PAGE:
Book Club: The Water Knife

waterknifeI grew up in New England – Rhode Island, specifically. Rhode Island is green, with big, green, leafy trees and lots of green grass.  There’s water everywhere – rivers, brooks, streams, lakes, oceans – and people water their yards and gardens daily.  In 2009 I moved to Arizona and as my dad says, “everything here is really brown.” It’s dusty and dry.  When it rains, I go outside as if it’s a special event.  I don’t pour leftover water from making coffee or tea down the sink – I use it to water my plants. Next door, in California, I watch as the drought forces people to cut their water usage by 30% and a reservoir in Los Angeles is covered with 96 million shade balls to decrease evaporation. Nearly every day on NPR is another story about how water, or the lack of water, is affecting someone in Arizona or nearby. Just in the past weeks are stories about the impact of rivers being contaminated with over 3 million gallons of toxic waste from an abandoned gold mine and farms popping up in Northern Arizona in the midst of a drought by drilling wells into the aquifer. Just over the weekend at brunch, we were discussing proposals to cover the Central Arizona Project (CAP), which diverts 1.5 million acre feet of water from the Colorado River to Arizona each year.  Water and drought are a central part of the conversation here is the Southwest.

This is why, when reading the Water Knife by Paolo Bacigalupi, I was struck how this story could be our future reality. The novel is set in a United States where water is scarce and senior water rights are viciously fought over.  Texas no longer exists because it’s water is gone, and their people are treated worse than refugees in neighboring states – assuming they can get in. Vegas has been set up as a utopia with self-enclosed “archologies” that are protected from the dust storms, heat and lack of water by Catherine Case who ensures that Vegas gets its water.  She does this by using her “water knife” whose job is to cut the water supplies from cities and towns who don’t have the water rights.  Folks in these cities that have been cut off either move or die.  It’s a stark book depicting a stark future.  It’s not about biology or health so, in a way, it doesn’t even fit as a book club for my blog, but I can’t stop thinking about it (and since it’s my blog, I can do whatever I want). Water is an issue that needs to be addressed now, otherwise we may find ourselves on the other end of a water knife. Read this book.  Think about it.  And then let’s see if we can find ways to prevent this apocalyptic future from coming true.


As a follow up, I had the opportunity to meet with Paolo Bacigalupi at a lecture entitled “The Imagination Drought: Speculative Fiction as a Tool of Warning and Empowerment.” He described his process for writing these  “cli-fi” thrillers and how he thinking about two different things: black swan events, which are things that happen that aren’t expected but change everything, and a narrative tunnel, which essentially assumes that because something happens yesterday, that’s what’s going to happen today.  Using these two concepts, he sees how people don’t expect the massive changes that may be coming.  But he presents these changes as an opportunity to see a dismal future before it happens so that we may take the chance to change it.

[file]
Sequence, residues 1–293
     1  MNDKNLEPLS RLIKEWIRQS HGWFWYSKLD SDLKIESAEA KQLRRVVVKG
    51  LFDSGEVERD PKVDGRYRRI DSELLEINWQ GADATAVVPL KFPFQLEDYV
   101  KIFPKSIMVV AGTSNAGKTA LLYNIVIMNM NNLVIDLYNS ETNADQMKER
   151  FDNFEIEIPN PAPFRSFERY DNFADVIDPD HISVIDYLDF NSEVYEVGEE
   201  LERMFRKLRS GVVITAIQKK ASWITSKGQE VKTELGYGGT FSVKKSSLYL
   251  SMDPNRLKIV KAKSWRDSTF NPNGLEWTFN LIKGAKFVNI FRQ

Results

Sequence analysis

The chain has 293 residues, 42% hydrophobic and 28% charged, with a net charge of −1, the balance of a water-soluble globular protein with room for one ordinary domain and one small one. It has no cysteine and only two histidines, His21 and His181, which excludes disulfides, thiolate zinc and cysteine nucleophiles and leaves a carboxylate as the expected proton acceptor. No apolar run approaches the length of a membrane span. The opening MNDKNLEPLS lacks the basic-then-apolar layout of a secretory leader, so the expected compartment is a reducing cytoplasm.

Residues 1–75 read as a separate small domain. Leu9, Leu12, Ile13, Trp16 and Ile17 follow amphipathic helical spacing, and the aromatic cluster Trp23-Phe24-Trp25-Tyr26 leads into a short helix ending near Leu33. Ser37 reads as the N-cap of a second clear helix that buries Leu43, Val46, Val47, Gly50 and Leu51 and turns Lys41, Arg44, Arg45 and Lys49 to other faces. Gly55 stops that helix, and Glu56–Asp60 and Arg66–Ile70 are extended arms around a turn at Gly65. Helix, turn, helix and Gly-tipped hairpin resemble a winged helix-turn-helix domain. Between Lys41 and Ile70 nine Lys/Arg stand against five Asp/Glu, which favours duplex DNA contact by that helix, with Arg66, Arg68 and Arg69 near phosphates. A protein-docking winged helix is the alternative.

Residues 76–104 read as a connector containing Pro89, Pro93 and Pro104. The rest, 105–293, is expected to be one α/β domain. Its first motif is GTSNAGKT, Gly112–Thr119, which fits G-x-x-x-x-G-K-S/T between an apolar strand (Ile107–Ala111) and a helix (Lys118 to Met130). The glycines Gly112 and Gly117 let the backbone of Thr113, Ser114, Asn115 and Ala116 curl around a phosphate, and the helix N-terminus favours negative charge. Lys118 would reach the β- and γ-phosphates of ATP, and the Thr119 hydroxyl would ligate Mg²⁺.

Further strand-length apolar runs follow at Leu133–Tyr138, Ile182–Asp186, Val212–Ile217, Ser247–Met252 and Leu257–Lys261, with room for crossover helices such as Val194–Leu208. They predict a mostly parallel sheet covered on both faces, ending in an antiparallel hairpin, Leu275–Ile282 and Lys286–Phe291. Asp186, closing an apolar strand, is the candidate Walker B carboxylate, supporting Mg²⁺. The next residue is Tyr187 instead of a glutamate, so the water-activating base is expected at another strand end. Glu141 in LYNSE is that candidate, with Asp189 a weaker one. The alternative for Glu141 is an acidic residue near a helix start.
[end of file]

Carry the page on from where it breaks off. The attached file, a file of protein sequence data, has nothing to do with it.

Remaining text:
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Paolo (center) and me (right) after the lecture,

No s**t?!?! Interesting facts about poop

I was talking to my sister and four-year-old nephew the other day and my sister prompted him to tell me what he wanted to study when he grew up. He looks right at me and answers “poop”. Totally funny coming from the boy who really is obsessed with his own poop, but as a scientist, I responded that I could tell him lots about poop and asked, “what about poop are you interesting in studying?”  His response, “All of it.” Well, I agree. Poop is far more interesting than we give it credit for.  In the next two posts, I will share with you all the interesting stuff I know about poop.  This post will be facts about poop and the second post will be about using poop as a cure for diseases.  Let’s get down and dirty...

fecalmatterI’m not one of those people fascinated by poop.  I have never read any of the most popular books on the topic “Everyone Poops” or “What’s Your Poo Telling You“. In fact, I won’t even admit that I poop myself (as my husband will attest I insist that it’s all butterflies and rainbows down there).  But (butt!) being in a lab makes you think about things you never expected.  A common laboratory activity is something called a journal club. Held weekly, undergrads, graduate students and post-docs take turns discussing a scientific topic or journal article.  I like talking about the newest technology and controversial topics, so when it was my turn, I decided to look into the ancient, but recently rediscovered, therapeutic uses of poop to help cure diseases. As a started my research on the topic, I realized that I knew very little about poop in general.  Being the scientist that I am, I went to learn more.  And lucky you, I’m going to share!

watering_poopFirst and foremost, what is poop made of? The majority (75%) is water! The remaining 25% is a mix.  About a third of this 25% (doing the math, that’s 7.5% of your poop) is dead bacteria (back to that later) and a third fiber and undigested food (like those corn kernels you didn’t chew before swallowing).  The final third contains living bacteria, protein, cell linings, fats, salts, and substances released from the intestines and liver. In fact, the brown color of poop comes from some of these secreted substances such as bile and also bilirubin, which comes from dead red blood cells.

seven types of poopThere are seven different types of poop that have been categorized in the Bristol Stool Form Scale (or BSF for short) developed by Dr. Ken Heaton from University of Bristol.  I was going to spend the next 5 minutes wondering exactly what sort of methodology brought him to discover this seven type system, but then I just looked at the original article. “Sixty-six volunteers had their whole-gut transit time (WGTT) measured with radiopaque marker pellets and their stools weighed, and they kept a diary of their stool form on a 7-point scale and of their defecatory frequency.” I’m glad I was not a volunteer in that study – keeping a daily diary of my stool form and have the length of time from mouth to poop tracked – ick!  However, Dr. Heaton was able to conclude that the form the stool takes depends on the time it spends in the colon, with 3 and 4 being ideal stools. Now one more thing for siblings, partners, and spouses to argue about – who’s poo is better?